He was going to be able to come home for the first time since he was diagnosed, four weeks ago.
I had left the hospital Thursday night feeling defeated and that our chances were slim that we would be out of the hospital much before his appointment in St. Louis on Tuesday. His counts were creeping up. His white cells were at 600, and needed to be at least 1000 before release.
I think Steven also thought he'd be in for a few more days and took matters into his own hands. His mustache had started getting a little thin. So, using some small clippers, he went ahead and shaved his mustache off.
He later sent a selfie to the kids and after they both started laughing hysterically, Blake stopped and declared that daddy looked "scary".
I thought he looked about 15. A very handsome 15 year old.
Steven informed me that life was "too short to sport a sorry mustache."
The news that his cell count had jumped overnight, and that he was coming home, blew me away. I started shaking and I couldn't get to the hospital soon enough.
Steven was ready when I got there. In fact, he had already packed up everything in the room and was waiting as patiently as he could for the nurse to discharge him.
The nurse came in, and gave us our paperwork and there was no shortage of nurses willing to see us out. They all made us feel like family that they hated to see leave. When they brought in the obligatory wheelchair to wheel him out, Steven refused. He would walk out in his own.
As he started to walk out, the nurses stopped him and told him he needed to wear a mask. Of course, Steven resisted.
They told him he was only allowed one refusal on discharge.
He chose to wear the mask.
They also told him that, although he was restricted as to what he could physically do between this release and his next round of chemo, laundry, cooking and giving his wife foot rubs were fine and not frowned upon.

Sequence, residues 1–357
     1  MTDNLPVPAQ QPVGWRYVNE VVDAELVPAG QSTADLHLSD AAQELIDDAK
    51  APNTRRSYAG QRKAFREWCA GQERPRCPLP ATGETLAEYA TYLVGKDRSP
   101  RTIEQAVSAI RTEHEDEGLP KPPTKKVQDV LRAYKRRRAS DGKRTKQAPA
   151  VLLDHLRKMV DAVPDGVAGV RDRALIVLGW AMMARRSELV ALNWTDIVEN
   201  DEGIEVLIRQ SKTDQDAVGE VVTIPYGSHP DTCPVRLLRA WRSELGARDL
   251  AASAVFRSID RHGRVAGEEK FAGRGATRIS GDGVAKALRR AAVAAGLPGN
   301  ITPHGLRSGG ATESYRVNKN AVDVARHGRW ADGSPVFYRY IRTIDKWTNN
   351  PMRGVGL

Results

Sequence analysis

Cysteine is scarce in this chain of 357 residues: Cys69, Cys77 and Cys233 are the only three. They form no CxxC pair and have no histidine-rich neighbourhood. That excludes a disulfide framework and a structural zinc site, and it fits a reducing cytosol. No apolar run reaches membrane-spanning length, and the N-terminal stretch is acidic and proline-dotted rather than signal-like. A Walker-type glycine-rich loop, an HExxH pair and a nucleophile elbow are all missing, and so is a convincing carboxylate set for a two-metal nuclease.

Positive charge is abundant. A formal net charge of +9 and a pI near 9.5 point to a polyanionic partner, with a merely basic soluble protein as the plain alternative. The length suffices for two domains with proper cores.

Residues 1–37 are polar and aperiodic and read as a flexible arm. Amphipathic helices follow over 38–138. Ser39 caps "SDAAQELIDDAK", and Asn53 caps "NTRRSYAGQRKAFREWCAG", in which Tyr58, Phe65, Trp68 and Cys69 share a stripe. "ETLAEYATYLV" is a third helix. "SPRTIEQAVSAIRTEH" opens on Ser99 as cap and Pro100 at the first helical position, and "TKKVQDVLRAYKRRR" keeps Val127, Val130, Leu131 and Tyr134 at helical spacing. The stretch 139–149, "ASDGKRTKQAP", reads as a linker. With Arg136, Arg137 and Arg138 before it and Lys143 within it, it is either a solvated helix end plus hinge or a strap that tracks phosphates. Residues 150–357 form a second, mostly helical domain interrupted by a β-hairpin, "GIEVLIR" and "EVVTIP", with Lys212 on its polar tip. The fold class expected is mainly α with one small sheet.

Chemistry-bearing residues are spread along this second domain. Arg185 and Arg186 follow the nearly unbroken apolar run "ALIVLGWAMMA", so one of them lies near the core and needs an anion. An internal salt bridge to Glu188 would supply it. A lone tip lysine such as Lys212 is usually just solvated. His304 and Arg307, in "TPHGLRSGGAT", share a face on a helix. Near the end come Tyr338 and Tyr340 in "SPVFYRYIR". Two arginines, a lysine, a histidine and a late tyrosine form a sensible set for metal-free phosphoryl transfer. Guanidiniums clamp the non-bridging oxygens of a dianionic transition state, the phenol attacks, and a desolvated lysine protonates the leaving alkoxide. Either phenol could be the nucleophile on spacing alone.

(Have I mentioned that I love his nurses?)
We couldn't get home soon enough, and pulling into our driveway had never felt so good.
Steven had been really missing Rowdy, his 12 year old Austrailian Shepherd. Rowdy had been Steven's sidekick since he was a puppy. This was the longest they had ever been separated.
In fact, for a little over a month leading up to Steven's diagnosis, Steven had found himself getting increasingly frustrated with Rowdy. You see, Rowdy couldn't get close enough to Steven. At times, Steven had trouble walking because Rowdy was pressed against his leg. Steven couldn't even turn around without Rowdy being right behind him. If Steven walked three feet, Rowdy walked with him. Many times Steven felt as if he was getting tripped up just trying not to fall over Rowdy.
However, after finding out that he had leukemia, Steven couldn't help but wonder if Rowdy had known all along, and simply didn't want to leave Steven's side.
Knowing now myself, I understand where Rowdy was coming from.
Rowdy was excited to see Steven. Carl, my beagle was too.
You see, Rowdy showed his excitement by running to Steven and staying right by his side, just as he did before.
Carl? He showed his excitement by peeing, and chewing on Rowdy, just as he did before.
After getting settled, Steven went and did some things in the shop. We then went and checked the cows and the horses.
However, it didn't take long for him to realize that he couldn't pick up, physically, right where he left off. Soon after returning to the house, he went to bed and slept for three hours.
I didn't mind cuddling up with him and napping awhile too.
I told the kids, when they woke Friday morning, that Steven was coming home. They both had sleepovers, at their close friends houses, already planned. I told them it was up to them whether they still went.
Lakyn, the child who admitted that news of daddy being gone was harder to accept than news of the leukemia, said Steven would probably need to rest his first night home. They both agreed that they were going to go ahead and go to their sleepovers.
I was shocked. And, initially, I was a little disappointed. However, after talking to Steven, I decided to take this as a sign that we've done a decent job of keeping things as normal as we could by making it a priority for the kids to see their daddy as often as possible and by granting Steven's request that I be home with them almost every night.
Since being home, I have read just enough of the paperwork that was sent to Steven from Barnes to be overwhelmed about what lies ahead of us.
I know that this journey has just begun.
I am choosing to consciencely put this out of my head until our appointment on Tuesday. Please pray that we receive the information they give us with grace and clarity.
As long as Steven is ultimately healed, we can, and will, do anything.
Please pray that he is.